Ms. Smith entered the Garden City Medical Center for surgery to remove a lung tumor. Dr. Jones, the treating physician, noted Ms. Smith’s unique response to therapy and embarked on a research project to study Ms. Smith’s blood and cells without informing her. Ms. Smith was asked to come to the medical center for regular blood draws and medical procedures, and, additionally, Dr. Jones used her excised cells to create a cell line for research purposes, all unknown to Ms. Smith.
Dr. Jones and Garden City Medical Center developed a unique diagnostic test used to detect the presence of lung tumors using a simple blood test. They obtained a patent on this test and have sold the test to other health care providers.
Can Ms. Smith obtain a portion of the revenues from the patented blood test developed using her blood and tissue?
In the 1990 case of Moore v. Regents of the University of California,65 the California Supreme Court found that individuals did not retain rights of ownership in excised tissue when tissue was used for research purposes. The court also held that even if human cells initially belonged to an individual, these excised cells were legally and factually distinct from the resulting research product.
George Moore signed a consent form agreeing to the removal of his spleen for the treatment for hairy cell leukemia. Moore was asked to come to the medical center for regular blood draws and medical procedures, and, additionally, the treating physician used Moore’s excised cells to create a cell line for research purposes, all unknown to Moore. Moore sued the physician, claiming “conversion” (or deprivation of a property interest), breach of the duty to obtain informed consent, and breach of fiduciary duty for using the excised cells without the patient’s consent to the research use.
On the matter of ownership of the removed cells, the court found that individuals did not retain rights of ownership in excised tissue. However, the Court did find that the physician had breached his duty to obtain informed consent for the research conducted on George Moore, ruling that in the context of a therapeutic relationship, a physician has a duty to disclose and to obtain informed consent from a patient who is the subject of research. The court also found a breach of a fiduciary relationship and violation of informed consent since, under California law, physicians must disclose all personal interests that may affect medical judgment.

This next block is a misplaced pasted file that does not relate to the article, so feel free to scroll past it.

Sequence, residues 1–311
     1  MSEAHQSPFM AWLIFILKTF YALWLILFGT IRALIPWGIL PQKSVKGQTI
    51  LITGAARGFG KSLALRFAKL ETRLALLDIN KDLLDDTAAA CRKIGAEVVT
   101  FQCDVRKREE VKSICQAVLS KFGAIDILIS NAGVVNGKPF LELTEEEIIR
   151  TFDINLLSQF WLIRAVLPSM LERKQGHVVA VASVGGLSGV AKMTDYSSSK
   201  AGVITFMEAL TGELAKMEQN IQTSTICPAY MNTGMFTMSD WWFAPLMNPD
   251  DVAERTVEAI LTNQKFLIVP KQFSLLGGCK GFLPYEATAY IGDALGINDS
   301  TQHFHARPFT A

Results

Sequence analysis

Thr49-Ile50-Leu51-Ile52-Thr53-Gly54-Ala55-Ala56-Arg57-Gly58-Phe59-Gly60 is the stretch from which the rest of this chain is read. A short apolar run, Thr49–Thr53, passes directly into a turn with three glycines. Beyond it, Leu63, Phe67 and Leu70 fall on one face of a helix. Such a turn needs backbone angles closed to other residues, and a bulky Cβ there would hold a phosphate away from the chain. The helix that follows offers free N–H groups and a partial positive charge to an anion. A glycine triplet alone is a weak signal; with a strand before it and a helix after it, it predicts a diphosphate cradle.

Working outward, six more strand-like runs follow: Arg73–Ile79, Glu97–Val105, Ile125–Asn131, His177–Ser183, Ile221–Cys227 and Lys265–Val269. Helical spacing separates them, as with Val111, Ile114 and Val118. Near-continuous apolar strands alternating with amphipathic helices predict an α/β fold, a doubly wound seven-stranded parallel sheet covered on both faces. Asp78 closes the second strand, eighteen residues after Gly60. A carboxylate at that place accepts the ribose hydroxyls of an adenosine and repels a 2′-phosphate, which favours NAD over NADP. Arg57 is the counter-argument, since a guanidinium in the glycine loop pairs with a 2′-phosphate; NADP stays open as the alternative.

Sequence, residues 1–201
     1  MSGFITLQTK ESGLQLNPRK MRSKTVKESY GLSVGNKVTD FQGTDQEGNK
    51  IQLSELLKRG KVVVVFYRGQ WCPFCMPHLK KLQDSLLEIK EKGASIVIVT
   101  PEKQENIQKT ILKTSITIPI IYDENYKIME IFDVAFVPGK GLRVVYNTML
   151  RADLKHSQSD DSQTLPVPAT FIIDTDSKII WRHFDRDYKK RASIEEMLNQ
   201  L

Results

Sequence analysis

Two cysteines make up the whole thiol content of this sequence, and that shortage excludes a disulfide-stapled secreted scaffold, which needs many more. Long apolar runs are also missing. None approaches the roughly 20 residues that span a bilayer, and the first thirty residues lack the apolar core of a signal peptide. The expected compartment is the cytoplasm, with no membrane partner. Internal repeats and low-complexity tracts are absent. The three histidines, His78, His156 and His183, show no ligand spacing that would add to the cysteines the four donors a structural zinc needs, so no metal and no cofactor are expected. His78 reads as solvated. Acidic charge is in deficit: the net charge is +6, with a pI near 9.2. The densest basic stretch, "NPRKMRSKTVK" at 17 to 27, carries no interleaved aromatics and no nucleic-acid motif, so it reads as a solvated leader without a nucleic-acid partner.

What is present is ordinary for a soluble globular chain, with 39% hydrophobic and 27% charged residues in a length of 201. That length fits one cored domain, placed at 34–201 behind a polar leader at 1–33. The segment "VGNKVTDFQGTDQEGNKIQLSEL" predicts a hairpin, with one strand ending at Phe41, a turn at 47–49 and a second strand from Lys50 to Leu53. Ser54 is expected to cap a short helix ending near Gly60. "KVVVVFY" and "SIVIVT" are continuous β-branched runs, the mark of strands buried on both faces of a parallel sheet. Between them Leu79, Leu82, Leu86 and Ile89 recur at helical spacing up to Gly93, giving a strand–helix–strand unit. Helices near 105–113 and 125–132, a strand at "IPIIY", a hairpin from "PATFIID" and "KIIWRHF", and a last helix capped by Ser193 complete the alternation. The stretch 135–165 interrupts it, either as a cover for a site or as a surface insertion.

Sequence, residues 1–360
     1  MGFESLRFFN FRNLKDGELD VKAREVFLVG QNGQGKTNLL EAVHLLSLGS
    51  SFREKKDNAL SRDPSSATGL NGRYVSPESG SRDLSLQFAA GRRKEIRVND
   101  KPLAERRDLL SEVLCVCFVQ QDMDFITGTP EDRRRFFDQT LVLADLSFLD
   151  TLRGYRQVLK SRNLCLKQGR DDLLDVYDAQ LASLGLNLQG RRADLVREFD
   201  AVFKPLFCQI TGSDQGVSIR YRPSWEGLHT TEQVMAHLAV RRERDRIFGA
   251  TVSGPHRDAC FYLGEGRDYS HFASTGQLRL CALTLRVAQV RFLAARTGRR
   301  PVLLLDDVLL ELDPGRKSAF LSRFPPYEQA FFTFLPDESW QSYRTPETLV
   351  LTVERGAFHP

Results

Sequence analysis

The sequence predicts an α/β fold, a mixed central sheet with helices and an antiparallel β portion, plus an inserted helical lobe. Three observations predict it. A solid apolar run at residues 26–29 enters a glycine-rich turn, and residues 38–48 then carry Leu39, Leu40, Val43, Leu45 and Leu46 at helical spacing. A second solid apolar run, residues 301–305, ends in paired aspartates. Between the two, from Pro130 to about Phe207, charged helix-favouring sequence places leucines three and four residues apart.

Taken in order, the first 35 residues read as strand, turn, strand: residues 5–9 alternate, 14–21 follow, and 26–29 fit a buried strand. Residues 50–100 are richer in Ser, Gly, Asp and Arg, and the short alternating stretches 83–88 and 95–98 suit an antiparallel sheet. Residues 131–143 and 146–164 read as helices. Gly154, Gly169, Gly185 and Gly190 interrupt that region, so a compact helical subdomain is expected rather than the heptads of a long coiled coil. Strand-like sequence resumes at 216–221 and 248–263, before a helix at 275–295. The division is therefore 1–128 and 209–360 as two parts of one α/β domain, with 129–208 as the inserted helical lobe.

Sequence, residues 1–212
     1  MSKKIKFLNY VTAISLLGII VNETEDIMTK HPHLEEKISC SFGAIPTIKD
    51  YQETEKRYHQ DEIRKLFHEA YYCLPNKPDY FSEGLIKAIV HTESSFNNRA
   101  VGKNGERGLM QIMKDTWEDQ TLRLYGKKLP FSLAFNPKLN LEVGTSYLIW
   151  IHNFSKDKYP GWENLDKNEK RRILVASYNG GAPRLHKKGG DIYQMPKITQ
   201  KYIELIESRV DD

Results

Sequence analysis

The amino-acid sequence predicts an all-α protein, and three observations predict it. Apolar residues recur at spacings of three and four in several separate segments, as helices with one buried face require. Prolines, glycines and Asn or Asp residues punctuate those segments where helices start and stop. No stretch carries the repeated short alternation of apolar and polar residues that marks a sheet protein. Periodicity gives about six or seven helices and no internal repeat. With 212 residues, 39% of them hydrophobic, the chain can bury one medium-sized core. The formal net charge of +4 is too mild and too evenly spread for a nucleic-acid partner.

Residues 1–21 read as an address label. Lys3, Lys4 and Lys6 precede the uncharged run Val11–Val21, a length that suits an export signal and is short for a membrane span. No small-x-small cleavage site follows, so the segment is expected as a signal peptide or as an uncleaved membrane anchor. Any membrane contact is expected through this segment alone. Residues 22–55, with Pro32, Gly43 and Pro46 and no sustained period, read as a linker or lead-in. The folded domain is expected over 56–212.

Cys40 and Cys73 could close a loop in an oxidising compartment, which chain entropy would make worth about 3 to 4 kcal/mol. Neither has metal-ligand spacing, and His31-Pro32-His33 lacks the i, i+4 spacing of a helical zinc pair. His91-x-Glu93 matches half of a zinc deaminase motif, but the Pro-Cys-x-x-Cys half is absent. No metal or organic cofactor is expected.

Since this case is only binding in the state of California, the question of individual ownership of excised tissue is still uncertain in most states. Nevertheless, this decision has been influential, and there is a presumption that researchers are entitled to use tissue specimens for further study as long as such use complied with existing regulations and laws.
In a more recent case decided in May 2003, in Greenberg et al. v. Miami Children’s Hospital,66 a group of families of children with Canavan’s disease, along with several not-for-profit institutions, sued the Miami Children’s Hospital and Dr. Reuben Matalon, the researcher who had developed the prenatal genetic test for Canavan’s disease, after a patent for the test was obtained. Canavan’s disease is a rare, autosomal neurodegenerative disorder characterized by degeneration of CNS white matter and specific CNS pathological findings. Canavan’s disease always results in early death in children and infants, depending on the type inherited, and no treatment is available. Diagnostic tests were not available to detect the disorder in utero until Dr. Matalon successfully isolated the gene responsible for Canavan’s disease in 1993.
The individual plaintiffs sued on behalf of their children who had donated blood and tissue samples to Dr. Matalon while he was working to isolate the gene.67 Other plaintiffs joined the suit to pursue a public policy claim protesting the enforcement of the patent, including collection of royalties and licensing fees for restrictive licensing arrangements. When the plaintiffs learned that a patent had been obtained and was being enforced to restrict the availability of the prenatal test, they sued.
According to the plaintiffs, their collaboration in the process was based on the “understanding and expectations that such samples and information would be used for the specific purpose of researching Canavan’s disease and identifying mutations in the Canavan’s disease gene which could lead to carrier detection within their families and benefit the population at large.” Plaintiffs further alleged that it was their “understanding that any carrier and prenatal testing developed in connection with the research for which they were providing essential support would be provided on an affordable and accessible basis, and that Matalon’s research would remain in the public domain to promote the discovery of more effective prevention techniques and treatments and, eventually, to effectuate a cure for Canavan’s disease.”
The judge dismissed all claims against the defendants except the claim of unjust enrichment (Ballentine’s Legal Dictionary defines unjust enrichment as the circumstances which give rise to the obligation of restitution, or the receiving and retention of property, money, or benefits which in justice and equity belong to another), for failing to share the financial benefit that accrued from licensing fees and royalties for the prenatal test.69 While the case eventually settled, the judge held that an individual does not retain a continuing interest in tissue and blood “donated” for research purposes.
While this case is helpful in understanding some rights that researchers may have to use tissue specimens, it is uncertain whether this ruling will apply to all circumstances since the case involved specific facts where the individuals were fully informed of the research purpose and gave their explicit prior consent.